It’s About Damn Time: Loving and Learning from the Fat Frame



For many K-13 students, body weight and body size  can be a complicated and sometimes multifaceted issue. The issue is further nuanced when considering there are few spaces in schools for learning to critically analyze messages they receive about their bodies, fat, and body inclusivity. When sanctuary spaces (Smith, 2022) are not created, educational institutions become reproducers of social inequities.

This special issue seeks to honor, affirm, and most importantly love the fat body and the lived realities of fat individuals by supporting teachers in supporting students’ abilities to critically analyze messages about body size including those that emphasize and even at times reward fat shaming (Friedman et al., 2019; Patterson-Faye, 2016; Taylor & Oluo, 2021). The goal of this special issue is to build on this literature by centering critical analyses of the complex relationships of fatness in K-12 and higher educational spaces; especially how these relationships are mediated by, race, class, disability, age, sexualities, gender identity, and other forms of social identities. 

It is our goal that this issue will illuminate how teaching in such a fat liberative manner allows students to see past basic survival to becoming responsible and informed critical advocates for social change. We seek to: 

  • Provide humanizing and robust accounts of the fat frame; 

  • Critique oppressive curricula that limit self-actualization around fat phobia; 

  • Analyze intersections of fatness, race, genders, sexualities, and ability; 

  • Engage students and educators in critically examining fat ideology; 

  • Provide sanctuary or truth spaces for fat individuals


This special issue will seek contributions that include:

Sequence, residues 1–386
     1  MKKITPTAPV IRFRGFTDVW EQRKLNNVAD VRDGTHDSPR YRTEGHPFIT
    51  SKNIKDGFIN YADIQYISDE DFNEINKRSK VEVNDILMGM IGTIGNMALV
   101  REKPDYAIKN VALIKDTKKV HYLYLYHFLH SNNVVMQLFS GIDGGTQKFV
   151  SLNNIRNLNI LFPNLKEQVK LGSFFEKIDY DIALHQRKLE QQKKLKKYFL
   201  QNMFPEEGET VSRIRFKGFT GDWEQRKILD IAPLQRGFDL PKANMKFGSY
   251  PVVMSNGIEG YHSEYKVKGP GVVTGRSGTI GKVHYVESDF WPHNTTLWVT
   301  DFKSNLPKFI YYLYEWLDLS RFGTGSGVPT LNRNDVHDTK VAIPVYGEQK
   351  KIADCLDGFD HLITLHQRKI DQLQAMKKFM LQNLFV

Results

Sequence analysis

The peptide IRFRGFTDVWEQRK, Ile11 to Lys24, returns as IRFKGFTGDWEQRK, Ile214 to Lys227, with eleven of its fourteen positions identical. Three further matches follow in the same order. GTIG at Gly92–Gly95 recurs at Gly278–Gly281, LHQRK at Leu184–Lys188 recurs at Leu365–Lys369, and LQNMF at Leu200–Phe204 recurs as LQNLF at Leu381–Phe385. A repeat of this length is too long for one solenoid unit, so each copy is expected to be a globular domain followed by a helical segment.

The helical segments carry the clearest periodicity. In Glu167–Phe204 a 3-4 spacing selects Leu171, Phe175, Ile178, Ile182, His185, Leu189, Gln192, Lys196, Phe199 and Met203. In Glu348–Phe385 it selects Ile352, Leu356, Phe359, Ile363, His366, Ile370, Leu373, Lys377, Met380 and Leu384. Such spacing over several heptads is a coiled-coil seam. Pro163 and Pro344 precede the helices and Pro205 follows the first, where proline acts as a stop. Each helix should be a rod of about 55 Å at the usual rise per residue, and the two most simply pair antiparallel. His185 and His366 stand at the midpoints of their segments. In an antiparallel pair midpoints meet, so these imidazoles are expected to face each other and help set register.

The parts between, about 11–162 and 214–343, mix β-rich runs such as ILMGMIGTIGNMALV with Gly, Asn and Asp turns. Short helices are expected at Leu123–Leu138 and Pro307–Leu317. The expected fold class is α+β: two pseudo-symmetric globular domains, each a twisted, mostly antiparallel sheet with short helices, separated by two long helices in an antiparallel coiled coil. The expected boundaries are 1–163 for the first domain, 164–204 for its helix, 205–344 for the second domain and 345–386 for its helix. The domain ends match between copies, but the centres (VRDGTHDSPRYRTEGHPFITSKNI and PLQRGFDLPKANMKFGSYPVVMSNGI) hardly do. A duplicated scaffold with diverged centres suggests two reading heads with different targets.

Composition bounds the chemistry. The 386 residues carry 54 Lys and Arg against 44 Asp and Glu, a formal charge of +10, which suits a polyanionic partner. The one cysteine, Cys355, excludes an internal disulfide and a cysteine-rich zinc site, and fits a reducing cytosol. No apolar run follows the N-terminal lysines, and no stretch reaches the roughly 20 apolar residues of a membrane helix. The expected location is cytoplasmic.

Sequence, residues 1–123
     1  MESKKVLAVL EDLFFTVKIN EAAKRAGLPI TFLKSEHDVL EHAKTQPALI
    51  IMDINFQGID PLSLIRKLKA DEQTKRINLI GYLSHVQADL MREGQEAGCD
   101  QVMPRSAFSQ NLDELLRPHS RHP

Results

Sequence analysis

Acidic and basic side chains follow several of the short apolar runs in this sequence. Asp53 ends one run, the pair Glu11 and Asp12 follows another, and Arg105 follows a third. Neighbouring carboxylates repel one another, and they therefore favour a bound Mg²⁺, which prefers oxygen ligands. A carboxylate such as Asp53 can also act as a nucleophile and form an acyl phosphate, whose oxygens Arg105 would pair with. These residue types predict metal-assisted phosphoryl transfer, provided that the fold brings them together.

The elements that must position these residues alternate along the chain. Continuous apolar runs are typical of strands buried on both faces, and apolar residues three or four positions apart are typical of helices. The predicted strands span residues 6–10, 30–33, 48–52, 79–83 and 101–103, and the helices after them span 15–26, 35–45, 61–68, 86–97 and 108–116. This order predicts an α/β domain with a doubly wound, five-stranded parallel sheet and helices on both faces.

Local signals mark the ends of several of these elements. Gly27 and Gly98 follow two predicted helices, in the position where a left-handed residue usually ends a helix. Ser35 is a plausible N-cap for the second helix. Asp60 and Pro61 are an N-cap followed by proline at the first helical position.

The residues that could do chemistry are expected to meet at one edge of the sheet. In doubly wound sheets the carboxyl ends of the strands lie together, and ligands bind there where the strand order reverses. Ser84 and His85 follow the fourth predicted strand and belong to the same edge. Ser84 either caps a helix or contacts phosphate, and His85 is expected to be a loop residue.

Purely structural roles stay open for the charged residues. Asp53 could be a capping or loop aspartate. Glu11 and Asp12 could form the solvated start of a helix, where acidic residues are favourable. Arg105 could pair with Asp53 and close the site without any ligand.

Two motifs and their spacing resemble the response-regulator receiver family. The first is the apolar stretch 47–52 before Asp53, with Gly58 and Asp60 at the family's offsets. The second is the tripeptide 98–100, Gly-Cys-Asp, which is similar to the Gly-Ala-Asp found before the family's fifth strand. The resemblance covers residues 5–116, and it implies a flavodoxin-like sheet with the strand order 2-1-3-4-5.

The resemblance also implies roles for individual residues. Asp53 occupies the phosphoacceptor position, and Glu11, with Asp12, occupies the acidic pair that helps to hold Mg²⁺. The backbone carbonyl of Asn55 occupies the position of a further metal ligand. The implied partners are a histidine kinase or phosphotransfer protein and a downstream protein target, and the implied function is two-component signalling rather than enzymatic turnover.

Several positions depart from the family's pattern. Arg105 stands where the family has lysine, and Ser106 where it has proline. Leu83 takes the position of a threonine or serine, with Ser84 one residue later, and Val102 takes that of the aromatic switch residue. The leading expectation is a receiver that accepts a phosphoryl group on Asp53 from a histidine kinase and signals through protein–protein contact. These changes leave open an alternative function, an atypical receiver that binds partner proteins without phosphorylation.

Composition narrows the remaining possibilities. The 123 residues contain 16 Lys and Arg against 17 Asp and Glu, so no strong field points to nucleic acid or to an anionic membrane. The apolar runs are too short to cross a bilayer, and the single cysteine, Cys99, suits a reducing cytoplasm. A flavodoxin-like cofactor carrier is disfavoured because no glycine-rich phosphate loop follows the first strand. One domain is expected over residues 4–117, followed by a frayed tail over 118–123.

1. the examination of fat inclusive resources and pedagogies which can be utilized to build fat relevant and sustaining policies,  
  2. pedagogies, and curricula that can build content knowledge and critical consciousness among English/language arts students,  
  3. examinations of children’s and young adult literature featuring body size issues and examples of how they are used to afford students the opportunity to critique oppressive constructs and co-construct new understandings, and  
  4. experiential accounts of marginalization and exclusivity.  

In sum, the issue will center the following questions: How can school curricula center fat love and acceptance?  How can we begin to decolonize the fat frame? What can the experiential knowledge of fat individuals teach us about marginalization and exclusivity in schools?  How are we teaching students to thrive in schools by utilizing  literacy practices which illuminate the strength and resilience of the fat frame (Kendal, 2021; Smith, 2022; Strings, 2019). 

Guest Editors:

Dywanna Smith
Claflin University
[email protected] 

Jarvais Jackson
Georgia Southern University 
[email protected]

Submission Information: 

Submissions are made using ScholarOne Manuscripts. Registration and access are available here.

Author guidelines must be strictly followed. Please go to the journal homepage and select the Author Guidelines tab.

Authors should select (from the drop-down menu) the special issue title at the appropriate step in the submission process, i.e. in response to ““School-University Partnerships”.  

Submitted articles must not have been previously published, nor should they be under consideration for publication anywhere else, while under review for this journal. 

Click Here to Submit!

Key Dates: 

Open: 20th of May, 2023

Close: 1st of October, 2023


Friedman, M., Rice, C., & Rinaldi, J. (2019). Thickening Fat: Fat Bodies, Intersectionality, and Social Justice (1st ed.). Routledge. 

Kendall, M. (2021). Hood Feminism: Notes from the Women That a Movement Forgot. Penguin Books. 

Patterson-Faye, C. J. (2016). ‘I like the way you move’: Theorizing fat, black and sexy. Sexualities, 19(8), 926–944. 

Smith, D. (2022). Transformational Sanctuaries in the Middle Level ELA Classroom (NCTE-Routledge Research Series) (1st ed.). Routledge. 

Strings, S. (2019). Fearing the Black Body: The Racial Origins of Fat Phobia (First edition.). NYU Press. 

Taylor, S. R., & Oluo, I. (2021). The Body Is Not an Apology, Second Edition: The Power of Radical Self-Love (2nd ed.). Berrett-Koehler Publishers.